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Maternal and Child Health Journal

, Volume 21, Issue 8, pp 1662–1668 | Cite as

Infant Adiposity is Independently Associated with a Maternal High Fat Diet but not Related to Niacin Intake: The Healthy Start Study

  • Allison L. B. Shapiro
  • Brandy M. Ringham
  • Deborah H. Glueck
  • Jill M. Norris
  • Linda A. Barbour
  • Jacob E. Friedman
  • Dana Dabelea
Article

Abstract

Objectives Over-nutrition during pregnancy resulting from maternal obesity or an unhealthy diet can lead to excess infant adiposity at birth. Specific dietary macro- and micronutrients have been shown to increase fat cell development in both in-vitro and in-vivo models and may therefore link maternal diet to increased infant adiposity. We hypothesized that high maternal dietary niacin intake during pregnancy, especially in combination with a high-fat diet (HFD) would increase infant adiposity. Methods We included 1040 participants from a pre-birth cohort of mother-infant pairs. Maternal diet was assessed using multiple 24-hour dietary recalls. HFD was defined as ≥30% of calories from fat and ≥12% of fat calories from saturated fat. Neonatal body composition (% fat mass [%FM], fat mass [FM], fat-free mass [FFM]) was measured by PEAPOD. We used multivariate regression to assess the joint effect of maternal dietary niacin and maternal HFD on neonatal body composition. Results Dietary niacin was not associated with neonatal body composition, and maternal HFD did not modify this finding. However, maternal HFD was independently associated with %FM (β = 0.8 [0.1, 1.4]%, p < 0.01] and FM (β = 32.4 [6.7, 58.0] g, p < 0.01). Conclusions for Practice Our results suggest that a HFD during pregnancy may increase infant adiposity, therefore supporting the need for improved diet counseling of pregnant women at both the clinical and community levels.

Keywords

Dietary niacin High-fat diet Infant adiposity.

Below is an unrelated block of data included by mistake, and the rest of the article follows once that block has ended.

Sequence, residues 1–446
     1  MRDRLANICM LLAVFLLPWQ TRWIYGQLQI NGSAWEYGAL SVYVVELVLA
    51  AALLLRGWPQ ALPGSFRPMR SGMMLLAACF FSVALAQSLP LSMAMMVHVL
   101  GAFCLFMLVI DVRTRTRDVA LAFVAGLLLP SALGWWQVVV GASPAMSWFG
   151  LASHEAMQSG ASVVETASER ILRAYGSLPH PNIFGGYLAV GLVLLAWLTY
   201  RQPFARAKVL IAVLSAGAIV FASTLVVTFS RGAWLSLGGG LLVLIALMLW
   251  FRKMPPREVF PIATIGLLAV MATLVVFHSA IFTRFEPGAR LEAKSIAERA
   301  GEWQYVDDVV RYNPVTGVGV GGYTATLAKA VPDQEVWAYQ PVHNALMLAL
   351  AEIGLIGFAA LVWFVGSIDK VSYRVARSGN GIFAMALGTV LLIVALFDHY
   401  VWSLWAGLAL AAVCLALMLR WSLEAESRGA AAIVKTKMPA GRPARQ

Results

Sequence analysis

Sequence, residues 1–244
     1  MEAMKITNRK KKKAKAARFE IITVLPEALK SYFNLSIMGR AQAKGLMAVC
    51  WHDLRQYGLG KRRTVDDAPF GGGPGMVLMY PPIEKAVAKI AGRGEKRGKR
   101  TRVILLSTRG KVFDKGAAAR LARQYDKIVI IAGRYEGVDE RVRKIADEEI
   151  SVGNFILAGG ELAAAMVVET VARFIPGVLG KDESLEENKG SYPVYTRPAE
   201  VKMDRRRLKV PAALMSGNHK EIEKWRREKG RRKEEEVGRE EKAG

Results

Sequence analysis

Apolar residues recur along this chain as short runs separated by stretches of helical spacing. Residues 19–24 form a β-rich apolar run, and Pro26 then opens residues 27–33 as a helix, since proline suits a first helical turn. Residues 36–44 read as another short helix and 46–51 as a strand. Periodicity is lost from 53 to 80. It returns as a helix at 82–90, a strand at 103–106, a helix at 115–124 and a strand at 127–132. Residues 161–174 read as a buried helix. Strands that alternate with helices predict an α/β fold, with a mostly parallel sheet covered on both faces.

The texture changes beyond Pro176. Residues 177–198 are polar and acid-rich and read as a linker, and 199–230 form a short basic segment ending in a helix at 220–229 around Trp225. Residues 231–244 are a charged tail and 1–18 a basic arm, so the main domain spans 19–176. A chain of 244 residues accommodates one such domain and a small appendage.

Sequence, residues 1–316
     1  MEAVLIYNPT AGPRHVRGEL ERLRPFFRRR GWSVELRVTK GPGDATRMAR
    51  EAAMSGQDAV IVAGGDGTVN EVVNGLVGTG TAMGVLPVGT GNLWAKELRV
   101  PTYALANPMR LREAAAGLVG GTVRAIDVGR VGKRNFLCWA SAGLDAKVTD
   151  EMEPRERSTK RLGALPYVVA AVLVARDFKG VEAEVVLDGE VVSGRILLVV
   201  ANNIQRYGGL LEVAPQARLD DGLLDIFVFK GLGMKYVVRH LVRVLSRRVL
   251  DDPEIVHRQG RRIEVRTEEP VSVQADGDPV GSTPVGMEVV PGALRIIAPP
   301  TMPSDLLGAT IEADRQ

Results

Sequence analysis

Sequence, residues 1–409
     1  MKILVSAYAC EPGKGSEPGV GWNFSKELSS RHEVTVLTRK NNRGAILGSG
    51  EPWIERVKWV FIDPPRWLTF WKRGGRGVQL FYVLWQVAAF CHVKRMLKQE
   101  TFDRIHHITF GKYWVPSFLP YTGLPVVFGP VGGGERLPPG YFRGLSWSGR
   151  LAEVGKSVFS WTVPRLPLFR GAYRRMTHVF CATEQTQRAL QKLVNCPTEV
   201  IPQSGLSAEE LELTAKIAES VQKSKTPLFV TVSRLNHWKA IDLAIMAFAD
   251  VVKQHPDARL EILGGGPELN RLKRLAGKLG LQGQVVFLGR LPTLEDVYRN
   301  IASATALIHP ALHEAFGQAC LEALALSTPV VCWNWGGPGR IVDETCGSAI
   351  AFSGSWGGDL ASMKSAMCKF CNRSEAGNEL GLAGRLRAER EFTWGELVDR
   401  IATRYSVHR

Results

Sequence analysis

Notes

Acknowledgements

We would like to sincerely thank Mrs. Mercedes Martinez, the Healthy Start Project Manager and the entire Healthy Start team for their hard work and dedication. We would also like to thank Becky De la Houssaye for her help and guidance with processing of the umbilical cord tissue and optimization of the SIRT1 assay. Further, we would like to thank Dr. Anne Starling for her thoughtful suggestions during manuscript revisions. The Healthy Start study is funded by the National Institute on Diabetes and Digestive and Kidney Diseases (R01 #DK076648). Dabelea is responsible for the final content of this manuscript.

Supplementary material

10995_2016_2258_MOESM1_ESM.docx (44 kb)
Supplementary material 1 (DOCX 44 KB)

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Copyright information

© Springer Science+Business Media New York 2017

Authors and Affiliations

  • Allison L. B. Shapiro
    • 1
  • Brandy M. Ringham
    • 2
  • Deborah H. Glueck
    • 2
  • Jill M. Norris
    • 1
  • Linda A. Barbour
    • 3
  • Jacob E. Friedman
    • 4
  • Dana Dabelea
    • 1
  1. 1.Department of Epidemiology, Colorado School of Public Health (CSPH)University of Colorado Anschutz Medical CampusDenverUSA
  2. 2.Department of Biostatistics, CSPHUniversity of Colorado Anschutz Medical CampusDenverUSA
  3. 3.Departments of Medicine and Obstetrics and Gynecology, School of MedicineUniversity of ColoradoDenverUSA
  4. 4.Departments of Pediatrics and Biochemistry & Molecular Genetics, School of MedicineUniversity of ColoradoDenverUSA

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